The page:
22 April 2009
In fact, heavy snorers can also struggle to get their breath when they are asleep and their oxygen levels plummet so low that they turn blue, ‘The Times’ reported.
“The lack of oxygen triggers a survival response that wakes them briefly to prevent suffocation, a cycle of snoring, obstruction and wakening that can be repeated hundreds of times a night.
“This results in an awful night’s sleep, and predisposes the snorer to a range of health problems including high blood pressure and heart disease,” Dr Potter said.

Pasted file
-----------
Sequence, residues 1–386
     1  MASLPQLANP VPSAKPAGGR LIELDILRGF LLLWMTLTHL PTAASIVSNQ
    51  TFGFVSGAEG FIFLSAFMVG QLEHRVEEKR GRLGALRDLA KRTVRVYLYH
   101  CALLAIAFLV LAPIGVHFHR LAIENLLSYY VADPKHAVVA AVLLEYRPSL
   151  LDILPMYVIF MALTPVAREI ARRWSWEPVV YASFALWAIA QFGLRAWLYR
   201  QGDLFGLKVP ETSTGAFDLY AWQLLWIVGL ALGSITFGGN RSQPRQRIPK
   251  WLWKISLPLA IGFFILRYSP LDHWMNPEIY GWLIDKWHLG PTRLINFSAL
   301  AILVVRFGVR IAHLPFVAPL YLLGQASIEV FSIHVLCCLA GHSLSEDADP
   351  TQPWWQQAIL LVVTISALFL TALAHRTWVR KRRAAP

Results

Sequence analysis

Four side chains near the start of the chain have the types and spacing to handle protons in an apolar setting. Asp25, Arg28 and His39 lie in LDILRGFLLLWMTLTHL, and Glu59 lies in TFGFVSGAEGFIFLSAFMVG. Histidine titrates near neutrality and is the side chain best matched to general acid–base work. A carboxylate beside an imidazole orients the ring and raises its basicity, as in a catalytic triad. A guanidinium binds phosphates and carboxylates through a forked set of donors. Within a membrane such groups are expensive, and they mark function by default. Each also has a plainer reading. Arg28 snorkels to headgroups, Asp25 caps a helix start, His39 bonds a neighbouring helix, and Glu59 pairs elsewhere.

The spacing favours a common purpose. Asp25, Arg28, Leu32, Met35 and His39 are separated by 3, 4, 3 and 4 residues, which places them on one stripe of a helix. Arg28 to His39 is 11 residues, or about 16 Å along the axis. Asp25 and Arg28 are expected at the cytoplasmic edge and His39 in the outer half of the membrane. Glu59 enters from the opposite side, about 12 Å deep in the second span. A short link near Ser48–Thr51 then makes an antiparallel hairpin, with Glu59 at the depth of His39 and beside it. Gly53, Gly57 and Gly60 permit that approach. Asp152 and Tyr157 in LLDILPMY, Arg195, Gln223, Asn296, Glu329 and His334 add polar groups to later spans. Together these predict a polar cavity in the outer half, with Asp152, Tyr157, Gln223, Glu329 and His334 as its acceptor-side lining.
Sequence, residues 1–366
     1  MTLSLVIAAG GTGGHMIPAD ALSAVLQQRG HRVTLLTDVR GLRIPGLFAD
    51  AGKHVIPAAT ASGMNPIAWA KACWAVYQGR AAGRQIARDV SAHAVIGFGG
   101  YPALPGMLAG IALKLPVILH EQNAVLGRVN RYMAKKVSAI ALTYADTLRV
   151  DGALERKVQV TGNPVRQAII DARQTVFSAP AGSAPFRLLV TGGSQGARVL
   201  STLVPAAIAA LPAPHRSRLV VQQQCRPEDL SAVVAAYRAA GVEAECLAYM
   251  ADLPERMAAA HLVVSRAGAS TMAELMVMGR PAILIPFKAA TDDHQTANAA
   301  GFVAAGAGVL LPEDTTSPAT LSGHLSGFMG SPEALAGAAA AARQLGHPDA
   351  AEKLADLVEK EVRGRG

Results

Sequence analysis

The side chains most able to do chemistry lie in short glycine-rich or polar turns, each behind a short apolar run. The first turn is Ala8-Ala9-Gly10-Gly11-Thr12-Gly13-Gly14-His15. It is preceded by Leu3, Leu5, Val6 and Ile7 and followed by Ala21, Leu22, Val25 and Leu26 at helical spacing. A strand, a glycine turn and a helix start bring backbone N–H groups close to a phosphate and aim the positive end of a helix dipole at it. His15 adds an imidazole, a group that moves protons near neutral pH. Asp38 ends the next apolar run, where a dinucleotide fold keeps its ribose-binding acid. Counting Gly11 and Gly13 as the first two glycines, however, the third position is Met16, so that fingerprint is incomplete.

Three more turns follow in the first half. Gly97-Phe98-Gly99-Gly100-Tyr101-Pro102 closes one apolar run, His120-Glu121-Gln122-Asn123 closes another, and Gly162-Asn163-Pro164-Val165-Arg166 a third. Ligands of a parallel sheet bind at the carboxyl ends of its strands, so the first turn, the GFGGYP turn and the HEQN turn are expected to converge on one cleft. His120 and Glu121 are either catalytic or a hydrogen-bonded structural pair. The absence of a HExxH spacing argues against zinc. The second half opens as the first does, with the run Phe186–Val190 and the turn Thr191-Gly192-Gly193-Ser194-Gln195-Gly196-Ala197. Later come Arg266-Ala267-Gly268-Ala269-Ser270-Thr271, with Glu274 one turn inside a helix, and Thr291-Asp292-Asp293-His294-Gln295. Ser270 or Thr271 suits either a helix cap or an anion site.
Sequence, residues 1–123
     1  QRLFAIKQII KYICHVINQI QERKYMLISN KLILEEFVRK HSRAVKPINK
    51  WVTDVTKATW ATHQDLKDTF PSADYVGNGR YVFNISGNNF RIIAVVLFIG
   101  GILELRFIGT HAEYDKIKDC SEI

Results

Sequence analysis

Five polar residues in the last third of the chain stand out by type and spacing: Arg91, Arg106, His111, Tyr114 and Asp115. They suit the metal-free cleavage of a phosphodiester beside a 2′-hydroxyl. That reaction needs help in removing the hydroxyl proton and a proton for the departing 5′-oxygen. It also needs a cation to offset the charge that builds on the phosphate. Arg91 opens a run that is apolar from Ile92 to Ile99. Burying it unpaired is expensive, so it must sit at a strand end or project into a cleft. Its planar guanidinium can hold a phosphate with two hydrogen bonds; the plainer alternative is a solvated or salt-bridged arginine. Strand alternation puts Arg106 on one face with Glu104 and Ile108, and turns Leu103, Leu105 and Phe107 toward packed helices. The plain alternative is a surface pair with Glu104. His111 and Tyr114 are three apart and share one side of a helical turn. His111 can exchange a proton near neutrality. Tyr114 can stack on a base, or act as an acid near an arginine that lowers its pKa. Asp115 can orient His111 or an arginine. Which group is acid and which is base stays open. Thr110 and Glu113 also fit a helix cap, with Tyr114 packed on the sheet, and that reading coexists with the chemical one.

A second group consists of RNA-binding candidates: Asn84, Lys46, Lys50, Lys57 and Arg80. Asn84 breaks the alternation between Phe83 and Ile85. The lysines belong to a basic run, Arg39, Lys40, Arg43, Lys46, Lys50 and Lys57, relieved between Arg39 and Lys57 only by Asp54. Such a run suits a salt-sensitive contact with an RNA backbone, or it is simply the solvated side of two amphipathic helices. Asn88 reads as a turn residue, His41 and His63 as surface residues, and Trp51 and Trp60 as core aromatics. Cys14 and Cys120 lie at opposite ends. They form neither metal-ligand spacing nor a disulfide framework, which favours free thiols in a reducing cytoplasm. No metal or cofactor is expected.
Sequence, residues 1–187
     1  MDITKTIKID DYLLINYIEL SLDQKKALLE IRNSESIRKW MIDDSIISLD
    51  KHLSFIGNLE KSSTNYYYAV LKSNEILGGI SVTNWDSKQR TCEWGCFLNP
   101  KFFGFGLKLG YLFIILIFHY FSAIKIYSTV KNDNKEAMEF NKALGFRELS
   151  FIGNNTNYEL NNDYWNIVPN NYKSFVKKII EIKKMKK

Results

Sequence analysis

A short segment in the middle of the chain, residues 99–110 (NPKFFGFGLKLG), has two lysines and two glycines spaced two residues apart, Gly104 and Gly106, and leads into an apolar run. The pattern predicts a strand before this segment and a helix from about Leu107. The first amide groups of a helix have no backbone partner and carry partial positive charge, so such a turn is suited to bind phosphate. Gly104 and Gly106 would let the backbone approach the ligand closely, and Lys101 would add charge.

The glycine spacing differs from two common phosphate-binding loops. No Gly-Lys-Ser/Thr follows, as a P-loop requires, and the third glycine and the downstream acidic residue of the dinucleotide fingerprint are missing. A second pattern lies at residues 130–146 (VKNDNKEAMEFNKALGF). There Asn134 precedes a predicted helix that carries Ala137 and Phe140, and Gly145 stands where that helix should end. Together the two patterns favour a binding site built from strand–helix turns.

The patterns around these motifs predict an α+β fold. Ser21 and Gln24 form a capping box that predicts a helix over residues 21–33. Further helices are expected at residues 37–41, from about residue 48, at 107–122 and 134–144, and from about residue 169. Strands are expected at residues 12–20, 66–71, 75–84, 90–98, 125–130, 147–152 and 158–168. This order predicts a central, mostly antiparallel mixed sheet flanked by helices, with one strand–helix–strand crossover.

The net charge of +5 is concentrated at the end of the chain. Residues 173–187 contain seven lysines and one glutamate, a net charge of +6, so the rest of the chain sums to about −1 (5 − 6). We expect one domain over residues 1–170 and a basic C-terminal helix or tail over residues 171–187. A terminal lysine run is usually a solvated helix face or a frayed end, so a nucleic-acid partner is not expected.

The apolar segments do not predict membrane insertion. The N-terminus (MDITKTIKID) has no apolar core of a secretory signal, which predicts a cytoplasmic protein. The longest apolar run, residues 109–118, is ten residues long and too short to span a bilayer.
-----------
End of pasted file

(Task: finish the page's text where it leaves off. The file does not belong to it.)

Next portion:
He has suggested that snorers should consult a doctor to get rid of the condition.
“More extensive investigation is likely to be required if sleep apnoea syndrome is suspected. The first step for most patients will be to monitor their oxygen levels throughout the night using a simple fingertip device – a pulse oximeter,” Dr Potter said.